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Story of Mega Route on Wild Split Mountain in B.C.

The following story was written by Grant Stewart about his first ascent of Split Mountain in B.C.

Split Mountain in B.C. Photo Grant Stewart

Two and a half years ago, I received a message from my friend Tim Russell with a fuzzy picture of one of the most outrageous rock formations I had ever seen.

It is visible across the Skeena River from the Highway 93, as the river snakes its way up the steep valley between Terrace and Prince Rupert. Talked about for years, it had rarely been approached and never climbed.

Russell made two trips to the wall with Gary McQuaid and Nick Black and climbed the first six pitches. Then in 2015, Russell, Tyler McDivitt and I made our first serious attempt to reach the top in capsule style over eight days. We found steep granite and splitter cracks.

We got frozen fingers and had an adventure. We were forced off by a storm. On the ground, we agreed that the experience had pushed to our limits for commitment, difficulty and risk.

The nearby town of Prince Rupert receives a ludicrous 3,060 millimeters of rain annually, making it the rainiest town in Canada. So in 2016, we climbed a new 700-metre big wall up river with McQuaid and Laurent Jensen. It involved jet boating, steep runout rock and a 24-hour summit push form our hanging camp.

A combination of overexertion from bushwhacking with massive loads and dehydration had caused my legs to swell to the point where I had to visit the hospital. I was cleared to leave in the morning. We would go attempt Split Mountain, all four of us.

We reached the wall tired and Jensen set off finding that the first of two bolts on the loose 70-metre initial pitch had been sheared off by rockfall.

That evening, we struggled to haul our gear up the rough off-vertical granite. The rest of the route was overhanging.

Heading Split Mountain Photo Grant Stewart

In the morning, I had to lead. I used some aid and some free techniques. Later, McQuaid led a bold pitch before we rapped to our ledge.

The next day, McQuaid and Jensen rapped out to head home, leaving Russell and I to head up. The next day, we jug ropes and head across a 5.11 traverse and up a splitter finger crack.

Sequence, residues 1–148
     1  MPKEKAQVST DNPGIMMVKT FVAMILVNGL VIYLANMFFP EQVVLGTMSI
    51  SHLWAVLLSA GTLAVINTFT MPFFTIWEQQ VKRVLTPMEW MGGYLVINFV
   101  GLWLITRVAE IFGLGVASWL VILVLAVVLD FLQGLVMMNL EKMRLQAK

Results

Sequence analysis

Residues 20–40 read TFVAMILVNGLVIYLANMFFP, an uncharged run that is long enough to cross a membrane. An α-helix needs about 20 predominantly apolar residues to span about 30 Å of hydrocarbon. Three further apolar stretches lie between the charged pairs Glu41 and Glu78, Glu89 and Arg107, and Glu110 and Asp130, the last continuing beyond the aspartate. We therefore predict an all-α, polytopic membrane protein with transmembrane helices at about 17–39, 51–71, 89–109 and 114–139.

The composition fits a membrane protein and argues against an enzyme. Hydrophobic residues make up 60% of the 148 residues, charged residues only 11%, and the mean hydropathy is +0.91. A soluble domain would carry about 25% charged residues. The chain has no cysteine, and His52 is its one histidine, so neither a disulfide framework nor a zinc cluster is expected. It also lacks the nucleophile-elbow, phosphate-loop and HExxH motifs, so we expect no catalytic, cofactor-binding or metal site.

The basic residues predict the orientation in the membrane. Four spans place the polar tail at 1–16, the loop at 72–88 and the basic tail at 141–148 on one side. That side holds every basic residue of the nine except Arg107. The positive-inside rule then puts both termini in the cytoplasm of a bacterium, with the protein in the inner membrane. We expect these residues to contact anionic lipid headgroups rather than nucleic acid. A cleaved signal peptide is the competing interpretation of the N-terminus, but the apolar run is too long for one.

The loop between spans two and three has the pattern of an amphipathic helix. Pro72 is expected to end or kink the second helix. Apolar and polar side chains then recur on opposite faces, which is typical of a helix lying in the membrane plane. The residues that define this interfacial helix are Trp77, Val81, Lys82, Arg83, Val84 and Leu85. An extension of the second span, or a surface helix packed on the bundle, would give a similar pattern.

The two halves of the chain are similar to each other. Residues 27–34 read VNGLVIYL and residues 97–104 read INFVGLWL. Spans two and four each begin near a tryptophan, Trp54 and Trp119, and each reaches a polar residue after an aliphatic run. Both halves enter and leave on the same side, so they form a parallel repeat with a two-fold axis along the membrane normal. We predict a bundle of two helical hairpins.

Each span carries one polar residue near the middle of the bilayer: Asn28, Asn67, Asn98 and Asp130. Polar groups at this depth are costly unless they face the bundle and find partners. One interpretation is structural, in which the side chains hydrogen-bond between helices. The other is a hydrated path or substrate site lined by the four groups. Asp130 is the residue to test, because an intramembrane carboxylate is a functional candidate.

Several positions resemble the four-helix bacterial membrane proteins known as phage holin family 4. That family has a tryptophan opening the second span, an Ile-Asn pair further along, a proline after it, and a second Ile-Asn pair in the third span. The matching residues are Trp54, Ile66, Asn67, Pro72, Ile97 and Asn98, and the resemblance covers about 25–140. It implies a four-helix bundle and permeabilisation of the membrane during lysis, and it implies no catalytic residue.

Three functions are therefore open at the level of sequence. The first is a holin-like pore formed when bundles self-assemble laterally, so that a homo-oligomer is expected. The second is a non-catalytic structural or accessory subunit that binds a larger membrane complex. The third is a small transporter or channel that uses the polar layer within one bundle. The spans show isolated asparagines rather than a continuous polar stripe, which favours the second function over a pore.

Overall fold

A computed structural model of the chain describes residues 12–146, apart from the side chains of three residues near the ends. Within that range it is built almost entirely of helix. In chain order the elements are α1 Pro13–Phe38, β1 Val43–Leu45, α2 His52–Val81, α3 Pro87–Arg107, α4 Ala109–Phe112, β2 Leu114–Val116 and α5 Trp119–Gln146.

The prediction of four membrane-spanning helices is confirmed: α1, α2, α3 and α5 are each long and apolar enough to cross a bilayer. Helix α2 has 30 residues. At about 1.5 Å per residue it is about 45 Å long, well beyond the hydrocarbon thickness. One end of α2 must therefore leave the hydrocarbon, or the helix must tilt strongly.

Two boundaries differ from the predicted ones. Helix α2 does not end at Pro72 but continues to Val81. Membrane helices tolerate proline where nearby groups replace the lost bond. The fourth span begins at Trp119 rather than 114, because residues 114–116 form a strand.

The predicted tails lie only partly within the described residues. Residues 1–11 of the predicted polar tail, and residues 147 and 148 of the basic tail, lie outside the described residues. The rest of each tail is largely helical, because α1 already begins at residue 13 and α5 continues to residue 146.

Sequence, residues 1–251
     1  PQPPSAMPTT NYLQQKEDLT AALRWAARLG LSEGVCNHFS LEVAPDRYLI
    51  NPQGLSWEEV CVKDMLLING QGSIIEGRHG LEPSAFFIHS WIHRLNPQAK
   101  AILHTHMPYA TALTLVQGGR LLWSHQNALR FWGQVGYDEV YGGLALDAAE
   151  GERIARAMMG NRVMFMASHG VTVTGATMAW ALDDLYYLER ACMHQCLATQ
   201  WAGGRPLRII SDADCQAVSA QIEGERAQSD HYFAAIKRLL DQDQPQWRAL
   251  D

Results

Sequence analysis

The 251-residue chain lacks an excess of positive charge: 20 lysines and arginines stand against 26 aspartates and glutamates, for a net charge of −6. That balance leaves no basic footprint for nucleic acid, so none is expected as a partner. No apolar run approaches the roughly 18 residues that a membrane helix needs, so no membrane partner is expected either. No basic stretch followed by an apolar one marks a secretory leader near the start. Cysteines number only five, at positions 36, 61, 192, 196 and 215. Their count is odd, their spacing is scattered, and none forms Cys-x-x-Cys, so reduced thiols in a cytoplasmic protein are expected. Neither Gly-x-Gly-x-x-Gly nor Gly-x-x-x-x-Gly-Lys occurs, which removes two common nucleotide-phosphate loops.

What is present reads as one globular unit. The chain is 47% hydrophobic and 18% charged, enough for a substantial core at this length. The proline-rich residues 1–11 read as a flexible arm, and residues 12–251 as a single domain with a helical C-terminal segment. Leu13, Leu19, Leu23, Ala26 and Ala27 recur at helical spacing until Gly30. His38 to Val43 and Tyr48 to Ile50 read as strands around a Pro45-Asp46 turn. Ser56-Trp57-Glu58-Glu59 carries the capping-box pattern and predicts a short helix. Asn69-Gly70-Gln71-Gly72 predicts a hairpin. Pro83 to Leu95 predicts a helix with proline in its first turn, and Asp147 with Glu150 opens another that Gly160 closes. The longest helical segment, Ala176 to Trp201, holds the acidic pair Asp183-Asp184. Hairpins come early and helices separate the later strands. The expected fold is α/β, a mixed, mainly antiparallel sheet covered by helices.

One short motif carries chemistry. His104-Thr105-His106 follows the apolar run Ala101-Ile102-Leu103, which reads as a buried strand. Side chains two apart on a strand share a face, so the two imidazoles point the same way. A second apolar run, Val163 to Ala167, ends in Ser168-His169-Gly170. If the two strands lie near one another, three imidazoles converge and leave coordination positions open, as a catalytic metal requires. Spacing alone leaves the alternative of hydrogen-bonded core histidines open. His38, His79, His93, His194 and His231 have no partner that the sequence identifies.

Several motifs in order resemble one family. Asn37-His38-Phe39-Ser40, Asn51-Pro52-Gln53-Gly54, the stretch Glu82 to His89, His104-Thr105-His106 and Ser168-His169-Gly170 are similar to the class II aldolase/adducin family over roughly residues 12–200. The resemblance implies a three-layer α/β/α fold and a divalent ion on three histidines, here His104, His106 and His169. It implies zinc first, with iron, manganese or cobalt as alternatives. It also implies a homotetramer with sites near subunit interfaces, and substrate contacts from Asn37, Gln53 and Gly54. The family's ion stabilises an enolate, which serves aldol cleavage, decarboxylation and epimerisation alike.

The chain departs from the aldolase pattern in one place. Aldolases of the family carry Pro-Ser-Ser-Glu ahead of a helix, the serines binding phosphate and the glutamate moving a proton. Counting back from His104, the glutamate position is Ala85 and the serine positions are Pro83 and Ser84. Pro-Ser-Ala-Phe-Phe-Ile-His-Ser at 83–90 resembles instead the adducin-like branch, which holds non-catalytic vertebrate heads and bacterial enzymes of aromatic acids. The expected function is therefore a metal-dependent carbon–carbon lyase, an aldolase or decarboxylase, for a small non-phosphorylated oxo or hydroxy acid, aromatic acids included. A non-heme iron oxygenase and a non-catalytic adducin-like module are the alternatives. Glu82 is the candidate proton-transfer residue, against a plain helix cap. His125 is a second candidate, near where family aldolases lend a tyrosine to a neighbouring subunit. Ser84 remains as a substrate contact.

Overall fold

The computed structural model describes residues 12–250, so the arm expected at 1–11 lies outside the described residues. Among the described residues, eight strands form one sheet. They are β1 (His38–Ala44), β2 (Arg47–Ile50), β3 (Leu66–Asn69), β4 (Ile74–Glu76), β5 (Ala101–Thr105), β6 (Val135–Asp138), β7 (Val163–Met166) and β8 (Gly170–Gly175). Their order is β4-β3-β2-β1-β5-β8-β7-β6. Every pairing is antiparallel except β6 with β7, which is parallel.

We hauled our ledge and slept again. Each morning, the cool air of the snow-filled couloir condensed into a churning fog beneath our feet. A mass of moisture that reached us before being sucked down and spilling out to the Skeena River.

It was cold in the morning and we watched as the wall high above exploded with the faraway warmth of sunlight. It had gut-churning exposure and I climbed the bombay chimney above

Russel headed up pitch eight on edges into a corner. With cams behind loose flakes, he laybacks the crux. I saw the tension in his body as he set up, right foot coming up to a smear above his waist, left hip into the wall.

A moment of uncertainty and he fired for the crack above, sticking the lock and pulling up into the fist crack corner above. We were near our highpoint from the year before.

The weather looked bad. The year before, I took one of the biggest falls of my life off the next pitch when a flake I was laybacking ripped off. I gave the pitch to Russell, telling him it wasn’t too bad. We could see the shimmer of Terrace’s lights. The light was fading.

The steep corner crack we hoped to climb appeared to slam shut. I gave up on free climbing and stood as high as I could in my aiders desperately searching for anything. As the dirt and lichen crumbled away, a perfect pod for a tiny #1 nut appeared. I climbed to the very end of our rope.

Russell headed up in the near dark. After almost an hour and nearing the end of the rope, I watched Russell make it to a stance a few meters below the top.

After some deliberation, he made a few tenuous moves slapping up nothing on a smooth arête before reaching for the sloping lip at the rim of the wall. Stretched out, far above his gear and looking at a swinging ledge-fall Russell throws his heel up over his head and commits to a mantle onto the summit.

I soon joined him and 10 minutes after topping out, the clouds opened and we found ourselves in a storm. It took us until 2:30 a.m. to reach the safety of our wet portaledge. Exhausted and shivering, we had never been more stoked.

High on Split Mountain Photo Grant Stewart

The new route is called Split Mountain South Face 5.11+ A1 500m 14-pitches and was climbed by Grant Stewart and Tim Russell in 2016.